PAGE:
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Revista Médica del Uruguay

On-line version ISSN 1688-0390

Abstract

QUIAN, Jorge et al. Oportunidades perdidas para evitar la transmisión materno-infantil del virus de la inmunodeficiencia humana; Uruguay 2005-2007. Rev. Méd. Urug. [online]. 2009, vol.25, n.1, pp.27-33. ISSN 1688-0390.

Summary Despite Uruguay having a STD/HIV National Program under the Ministry of Health, health care services seemingly approachable, and antiretroviral drugs free for those in the public sub-sector, HIV vertical transmission figures are unacceptably high. Objective: to analyze the existence of lost opportunities that would have avoided infection. Method: the study examined the clinical records of infected children born between January 1, 2005 and December 31, 2007. The following variables were analyzed: time of diagnosis, pregnancy follow-up, medication received, form of childbirth, antiretrovirals during birth and for the newborn, breastfeeding. Likewise, psychological condition of mothers was studied, whenever possible. Results: during this period, 264 children were born of HIV-infected mothers; 13 were infected (vertical transmission 4.9%). Out of 13 women, 11 of them had no prenatal follow-up, and thus were not administered antiretrovirals; two of them were not administered AZT during birth in spite of diagnosis made through a quick test upon delivery; and four newborns were not administered AZT and were breastfed. Mothers were under vulnerable social, economic and cultural conditions, since many of them were on their own, took drugs, had psychological problems and evidenced little education. Six of them worked in prostitution. Two of them died during the child’s first year of life. Two of the fathers were in prison and one of them died in jail. Conclusions: policies that appeal to pregnant women in the lower economic sectors need to be drafted. The quick test must be carried out systematically in pregnancies with poor prenatal follow-up. Health professionals must be more committed to this condition, almost completely avoidable for children.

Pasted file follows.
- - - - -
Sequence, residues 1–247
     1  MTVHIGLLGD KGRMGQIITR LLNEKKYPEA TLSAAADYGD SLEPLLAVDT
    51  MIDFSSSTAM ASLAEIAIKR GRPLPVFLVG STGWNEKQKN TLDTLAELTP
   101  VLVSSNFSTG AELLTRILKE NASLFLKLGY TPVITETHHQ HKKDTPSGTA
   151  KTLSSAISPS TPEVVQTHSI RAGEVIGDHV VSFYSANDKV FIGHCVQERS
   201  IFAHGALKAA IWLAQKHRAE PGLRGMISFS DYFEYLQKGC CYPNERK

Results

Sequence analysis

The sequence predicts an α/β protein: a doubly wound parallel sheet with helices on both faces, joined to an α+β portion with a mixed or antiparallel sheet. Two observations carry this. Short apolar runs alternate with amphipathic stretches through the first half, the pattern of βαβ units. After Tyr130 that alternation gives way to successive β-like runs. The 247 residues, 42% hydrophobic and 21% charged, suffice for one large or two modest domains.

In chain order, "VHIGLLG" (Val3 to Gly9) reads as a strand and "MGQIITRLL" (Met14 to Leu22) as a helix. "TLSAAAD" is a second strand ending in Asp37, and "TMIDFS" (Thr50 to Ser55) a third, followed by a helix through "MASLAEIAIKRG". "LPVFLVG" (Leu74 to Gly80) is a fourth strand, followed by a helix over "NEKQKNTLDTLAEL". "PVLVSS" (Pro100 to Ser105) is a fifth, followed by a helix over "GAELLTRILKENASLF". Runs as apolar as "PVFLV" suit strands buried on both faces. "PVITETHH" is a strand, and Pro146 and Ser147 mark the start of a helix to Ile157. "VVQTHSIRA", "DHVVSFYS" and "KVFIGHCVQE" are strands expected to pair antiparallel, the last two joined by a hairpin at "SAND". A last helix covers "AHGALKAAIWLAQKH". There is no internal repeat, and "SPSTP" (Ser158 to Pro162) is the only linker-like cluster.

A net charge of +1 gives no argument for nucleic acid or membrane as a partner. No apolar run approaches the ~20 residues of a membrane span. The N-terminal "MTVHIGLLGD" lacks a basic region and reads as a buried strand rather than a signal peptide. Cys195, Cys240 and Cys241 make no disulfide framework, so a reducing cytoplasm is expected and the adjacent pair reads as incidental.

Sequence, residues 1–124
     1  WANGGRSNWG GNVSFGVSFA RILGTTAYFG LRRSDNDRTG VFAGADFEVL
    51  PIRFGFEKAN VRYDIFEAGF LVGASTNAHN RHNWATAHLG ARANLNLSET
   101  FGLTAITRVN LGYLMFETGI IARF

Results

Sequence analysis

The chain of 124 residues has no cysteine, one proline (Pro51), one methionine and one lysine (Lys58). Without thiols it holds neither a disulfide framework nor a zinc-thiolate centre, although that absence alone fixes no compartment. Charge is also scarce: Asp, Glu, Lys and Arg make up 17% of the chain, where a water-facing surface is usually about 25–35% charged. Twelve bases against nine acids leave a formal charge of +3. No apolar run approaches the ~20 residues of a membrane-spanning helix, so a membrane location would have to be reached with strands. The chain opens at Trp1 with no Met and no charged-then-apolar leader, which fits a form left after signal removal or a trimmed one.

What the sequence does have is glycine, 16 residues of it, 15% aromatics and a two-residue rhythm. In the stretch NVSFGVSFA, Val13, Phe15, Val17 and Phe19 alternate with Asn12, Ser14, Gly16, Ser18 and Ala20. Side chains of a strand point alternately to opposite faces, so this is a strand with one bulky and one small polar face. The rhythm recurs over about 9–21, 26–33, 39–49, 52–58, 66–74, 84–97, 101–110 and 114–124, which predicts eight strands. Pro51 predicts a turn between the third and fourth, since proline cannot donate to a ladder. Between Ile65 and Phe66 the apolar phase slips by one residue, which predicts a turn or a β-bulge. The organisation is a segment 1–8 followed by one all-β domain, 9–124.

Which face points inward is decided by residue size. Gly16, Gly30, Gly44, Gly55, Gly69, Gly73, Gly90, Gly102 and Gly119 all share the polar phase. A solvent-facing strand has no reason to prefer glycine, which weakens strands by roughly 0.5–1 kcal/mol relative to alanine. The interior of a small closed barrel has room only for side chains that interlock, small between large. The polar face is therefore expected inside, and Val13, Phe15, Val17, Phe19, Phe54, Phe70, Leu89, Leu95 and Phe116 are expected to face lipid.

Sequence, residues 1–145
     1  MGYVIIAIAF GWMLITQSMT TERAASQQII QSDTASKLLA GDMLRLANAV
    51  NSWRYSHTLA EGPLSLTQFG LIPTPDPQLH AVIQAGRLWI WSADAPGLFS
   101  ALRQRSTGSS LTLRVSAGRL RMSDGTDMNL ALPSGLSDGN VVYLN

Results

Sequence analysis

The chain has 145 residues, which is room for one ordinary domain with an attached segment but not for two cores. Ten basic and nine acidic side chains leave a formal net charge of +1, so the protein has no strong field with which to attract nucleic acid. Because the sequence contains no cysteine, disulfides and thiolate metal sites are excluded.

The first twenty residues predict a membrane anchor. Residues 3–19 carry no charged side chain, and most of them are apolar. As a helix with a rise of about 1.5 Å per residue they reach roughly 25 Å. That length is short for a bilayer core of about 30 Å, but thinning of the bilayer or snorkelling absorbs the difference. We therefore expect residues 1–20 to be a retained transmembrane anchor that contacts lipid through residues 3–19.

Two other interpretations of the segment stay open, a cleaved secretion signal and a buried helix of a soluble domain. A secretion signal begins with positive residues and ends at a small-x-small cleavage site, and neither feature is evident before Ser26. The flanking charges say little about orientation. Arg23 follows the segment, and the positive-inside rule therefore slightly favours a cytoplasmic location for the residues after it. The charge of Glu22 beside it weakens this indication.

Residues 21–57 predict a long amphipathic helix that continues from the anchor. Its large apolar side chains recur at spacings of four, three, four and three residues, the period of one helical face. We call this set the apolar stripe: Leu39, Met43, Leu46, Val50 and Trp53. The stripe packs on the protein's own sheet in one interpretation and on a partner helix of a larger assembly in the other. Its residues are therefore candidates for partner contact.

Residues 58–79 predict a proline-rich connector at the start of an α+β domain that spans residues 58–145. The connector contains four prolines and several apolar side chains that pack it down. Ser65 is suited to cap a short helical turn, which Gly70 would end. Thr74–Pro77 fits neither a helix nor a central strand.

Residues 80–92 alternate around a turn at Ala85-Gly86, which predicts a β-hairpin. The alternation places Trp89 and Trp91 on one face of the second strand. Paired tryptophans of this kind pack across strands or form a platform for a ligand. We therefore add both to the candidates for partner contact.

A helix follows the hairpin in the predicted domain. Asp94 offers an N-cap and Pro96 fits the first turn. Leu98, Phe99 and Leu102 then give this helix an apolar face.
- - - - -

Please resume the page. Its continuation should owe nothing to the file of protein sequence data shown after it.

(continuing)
Keywords : DISEASE TRANSMISSION, VERTICAL; HIV; URUGUAY.

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